Law Schools

New Mexico tosses restriction that prevented parents in law school from receiving child care subsidy

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Elisabeth Gutierrez with her son, Xavier

Elisabeth Gutierrez with her son, Xavier.

After hearing about child care concerns from a campus parent group, the University of New Mexico School of Law School convinced the state in September to change a child care subsidy rule, which until then prohibited eligibility for graduate and postgraduate students.

Elisabeth Gutierrez, a mother and first-year student at the Albuquerque, New Mexico, law school, says she missed some classes early in the term because she didn’t have child care for her children, ages 3 and 1. Her husband is wrapping up his degree in certified public accounting while also waiting tables—until the work dried up because of the COVID-19 pandemic.

“If we were having a particularly bad day, or something we had to attend at night, that’s when we started missing some classes,” says Gutierrez, whose law school has in-person and online classes.

The family received the subsidy in October and now pay $250 per month for part-time child care. Without it, Gutierrez estimates that the cost would be $600 per month.

Moms of Law, a new student group at the law school with 30 members, sparked the policy change. The group wanted to start a child care scholarship for students. But during the summer, it learned from the school that it was unlikely it could offer a scholarship expressly for child care costs.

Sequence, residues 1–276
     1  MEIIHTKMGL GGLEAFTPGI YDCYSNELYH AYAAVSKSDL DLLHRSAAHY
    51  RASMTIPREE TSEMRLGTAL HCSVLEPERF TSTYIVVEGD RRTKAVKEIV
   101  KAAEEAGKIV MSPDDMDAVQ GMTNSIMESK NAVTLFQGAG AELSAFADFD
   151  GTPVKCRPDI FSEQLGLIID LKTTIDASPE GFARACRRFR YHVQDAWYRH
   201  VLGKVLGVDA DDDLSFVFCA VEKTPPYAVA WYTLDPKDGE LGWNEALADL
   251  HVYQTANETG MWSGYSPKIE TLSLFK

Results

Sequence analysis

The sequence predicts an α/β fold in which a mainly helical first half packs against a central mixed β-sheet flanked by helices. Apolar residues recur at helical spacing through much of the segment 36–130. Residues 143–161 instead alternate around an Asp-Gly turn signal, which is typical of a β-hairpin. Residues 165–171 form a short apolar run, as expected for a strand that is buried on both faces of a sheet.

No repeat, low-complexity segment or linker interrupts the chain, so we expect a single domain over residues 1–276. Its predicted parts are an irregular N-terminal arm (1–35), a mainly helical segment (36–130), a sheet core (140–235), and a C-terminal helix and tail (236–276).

Then in July, the state opened a new agency to oversee early childhood education and care and planned to expand eligibility for services offered. New Mexico is one of four states with Cabinet-level early childhood departments, according to a web post from the nonprofit group Alliance for Early Success.

Kateri West, a Moms of Law co-founder who is a 3L, heard New Mexico Gov. Michelle Lujan Grisham talking about the new offering on the radio. West spoke about this with the law school, and staff contacted Kate Girard, the chief general counsel at the New Mexico Early Childhood Education & Care Department who is also an alumna of the school.

The result was an emergency amendment that expands state child care resources to graduate and postgraduate students.

The changes, which were announced in September, are permanent and for families who are at or below 200% of the federal poverty level, according to a New Mexico Early Childhood Education & Care Department news release. Also, people who attend school or work online can now be eligible for the offering.

“I had tried to get it my first year, and I was told that they saw graduate school as an elective decision and they couldn’t help out graduate students,” says Jessica Arreola, a Moms of Law co-founder who has three children, ages 5, 4 and 1, and graduated in December.

Her husband works as a construction foreman, and her mother has been providing child care. However, she and West say many people in this year’s first-year class are single mothers who have often discussed child care problems at their gatherings.

“Parents who were unable to qualify for the state subsidy had to take on additional debt to finance child care,” says West, who is married to a physician and has a 5-year-old daughter who attends private school with aftercare.

Also, West thinks the old restriction might have prohibited some parents from enrolling in law school.

“We’re really grateful for this service,” Gutierrez says. “I think the administration is doing a great job at trying to help families during a really difficult time.”

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